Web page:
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In Trump Immunity Case, SCOTUS Poised to Undermine Itself

IN AGREEING TO HEAR DONALD TRUMP’S APPEAL regarding his claim that he enjoys absolute immunity from prosecution for any crimes he committed during his presidency, the Supreme Court appears to be setting the stage to solemnly pronounce that nobody, not even Donald Trump, is above the law—while at the same time placing Donald Trump above the law.

This act of judicial hypocrisy is being accomplished with a straight face and without violating any clear jurisprudential norms.

It’s not the Court’s decision to hear Trump’s appeal that threatens to place Trump above the law. There is actually a serious question buried under the mountain of bombastic nonsense presented by Trump’s lawyers.

While it is well settled that presidents enjoy a measure of immunity from civil liability for official acts, the Supreme Court has never decided whether a former president has some level of immunity from criminal prosecution for official acts and, if so, how far that immunity extends.

The argument that a president can order SEAL Team Six to assassinate his political rivals without criminal accountability after he leaves office, a hypothetical offered by an appellate judge and embraced by Trump’s lawyers, is patently ridiculous. No thinking person—a category that apparently excludes Trump and his lawyers—would take such an argument seriously.

But an argument that a former president should be constitutionally immune from criminal prosecution for some acts taken while in office isn’t entirely frivolous. It doesn’t take much of a leap of imagination to envision what politically minded state and local prosecutors might do following a Supreme Court decision that declared open season on ex-presidents. True, there is no history of politically motivated criminal prosecutions of former presidents, but that may be largely because nobody ever thought much about it, or because they simply assumed that such a prosecution would be rejected by the courts.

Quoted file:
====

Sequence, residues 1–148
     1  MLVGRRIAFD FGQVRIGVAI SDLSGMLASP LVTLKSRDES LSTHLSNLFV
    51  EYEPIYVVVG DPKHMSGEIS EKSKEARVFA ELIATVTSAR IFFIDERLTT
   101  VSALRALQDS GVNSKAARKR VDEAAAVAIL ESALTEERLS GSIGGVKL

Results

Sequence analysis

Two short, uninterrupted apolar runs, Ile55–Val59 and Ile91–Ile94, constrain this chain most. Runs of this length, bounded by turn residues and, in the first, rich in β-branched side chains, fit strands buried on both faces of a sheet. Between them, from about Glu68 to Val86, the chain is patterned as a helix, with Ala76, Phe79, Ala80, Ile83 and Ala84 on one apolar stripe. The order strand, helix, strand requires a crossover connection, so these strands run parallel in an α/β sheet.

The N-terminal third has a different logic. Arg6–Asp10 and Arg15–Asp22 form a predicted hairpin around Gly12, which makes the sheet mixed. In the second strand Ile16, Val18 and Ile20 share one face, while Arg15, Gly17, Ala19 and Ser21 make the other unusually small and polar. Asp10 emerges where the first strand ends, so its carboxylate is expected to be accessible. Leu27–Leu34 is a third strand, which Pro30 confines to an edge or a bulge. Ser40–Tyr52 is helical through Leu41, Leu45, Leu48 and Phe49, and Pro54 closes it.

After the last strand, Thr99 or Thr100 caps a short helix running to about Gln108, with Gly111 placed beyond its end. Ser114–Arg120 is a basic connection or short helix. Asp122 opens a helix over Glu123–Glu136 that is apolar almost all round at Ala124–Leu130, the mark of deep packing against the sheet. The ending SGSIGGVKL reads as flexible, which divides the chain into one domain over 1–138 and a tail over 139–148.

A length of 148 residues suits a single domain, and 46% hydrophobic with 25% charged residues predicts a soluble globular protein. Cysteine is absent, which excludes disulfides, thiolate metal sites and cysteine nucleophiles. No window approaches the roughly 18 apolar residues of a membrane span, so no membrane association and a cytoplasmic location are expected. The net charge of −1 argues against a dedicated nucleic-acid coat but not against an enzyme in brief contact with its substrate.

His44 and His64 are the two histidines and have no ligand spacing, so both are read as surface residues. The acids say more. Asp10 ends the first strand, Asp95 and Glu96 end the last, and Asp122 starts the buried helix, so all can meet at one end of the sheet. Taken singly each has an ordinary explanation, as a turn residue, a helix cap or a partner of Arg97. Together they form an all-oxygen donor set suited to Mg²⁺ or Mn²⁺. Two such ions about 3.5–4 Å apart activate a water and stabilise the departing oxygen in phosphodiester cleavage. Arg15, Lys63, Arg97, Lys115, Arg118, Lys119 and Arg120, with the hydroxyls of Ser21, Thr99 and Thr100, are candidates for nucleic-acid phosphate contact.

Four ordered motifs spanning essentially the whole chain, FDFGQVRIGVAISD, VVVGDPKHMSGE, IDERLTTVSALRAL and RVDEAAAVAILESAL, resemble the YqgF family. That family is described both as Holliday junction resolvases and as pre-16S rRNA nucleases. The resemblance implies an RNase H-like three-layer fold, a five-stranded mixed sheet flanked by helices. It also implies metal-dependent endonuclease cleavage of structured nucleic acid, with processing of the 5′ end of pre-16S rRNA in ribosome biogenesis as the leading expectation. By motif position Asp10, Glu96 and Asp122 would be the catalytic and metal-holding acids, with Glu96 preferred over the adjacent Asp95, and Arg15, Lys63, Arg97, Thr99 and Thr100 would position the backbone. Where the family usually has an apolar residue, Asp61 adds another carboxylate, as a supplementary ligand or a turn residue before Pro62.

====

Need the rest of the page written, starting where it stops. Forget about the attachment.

Getting an express hunting license from the Supreme Court could change that, and while there may be no history of criminal prosecutions of ex-presidents, there is significant history of presidents being publicly accused of committing criminal acts while in office.

In one of the more lucid sections of Trump’s petition asking the Supreme Court to review the D.C. Circuit’s denial of his claim of immunity, Trump’s attorneys point to a long history of presidents being accused of criminal behavior through their official acts: John Quincy Adams’s supposed “corrupt bargain” appointing Henry Clay secretary of state; George W. Bush’s “allegedly false claim to Congress that Saddam Hussein possessed stockpiles of ‘weapons of mass destruction’”; Barack Obama’s ordering a drone strike to kill an American citizen living abroad; Ronald Reagan’s involvement in the Iran-Contra scandal; and more.

Strong arguments—winning arguments, in my opinion—can be made that all of these examples can be distinguished from Trump’s attempts to overturn the results of a presidential election. But articulating exactly where the lines are drawn, and on which side Trump’s conduct falls, isn’t as easy as it might look on first blush.

That’s something the Supreme Court might well be asked to do.

Don’t take my word for it. Here’s what Special Counsel Jack Smith said in his petition for a writ of certiorari last December, when he asked the Court to take up this matter on an expedited basis:

While no precedent supports respondent’s claim as a former President to criminal immunity, the government acknowledges that this Court has not addressed a comparable claim. And this is a quintessential example of “an important question of federal law that has not been, but should be, settled by this Court.” [Emphasis in original.]

That is what the Court has now agreed to do, albeit belatedly. The Court will address a single question:

Whether and if so to what extent does a former President enjoy presidential immunity from criminal prosecution for conduct alleged to involve official acts during his tenure in office.

Oddly enough, that is not exactly the question that the D.C. Circuit Court teed up in its decision denying Trump’s claim of immunity. When I read the D.C. Circuit Court’s decision, I was immediately struck by what it omitted: the Court made almost no attempt to parse whether the specific acts alleged against Trump were made in his official capacity as president, as opposed to his role as a presidential candidate.